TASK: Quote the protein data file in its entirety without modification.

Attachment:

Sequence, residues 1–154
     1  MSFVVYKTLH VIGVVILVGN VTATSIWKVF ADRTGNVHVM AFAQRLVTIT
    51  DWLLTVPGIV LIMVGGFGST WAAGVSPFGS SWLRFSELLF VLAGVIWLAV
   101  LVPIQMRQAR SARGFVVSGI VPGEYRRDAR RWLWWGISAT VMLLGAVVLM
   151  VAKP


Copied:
Sequence, residues 1–154
     1  MSFVVYKTLH VIGVVILVGN VTATSIWKVF ADRTGNVHVM AFAQRLVTIT
    51  DWLLTVPGIV LIMVGGFGST WAAGVSPFGS SWLRFSELLF VLAGVIWLAV
   101  LVPIQMRQAR SARGFVVSGI VPGEYRRDAR RWLWWGISAT VMLLGAVVLM
   151  VAKP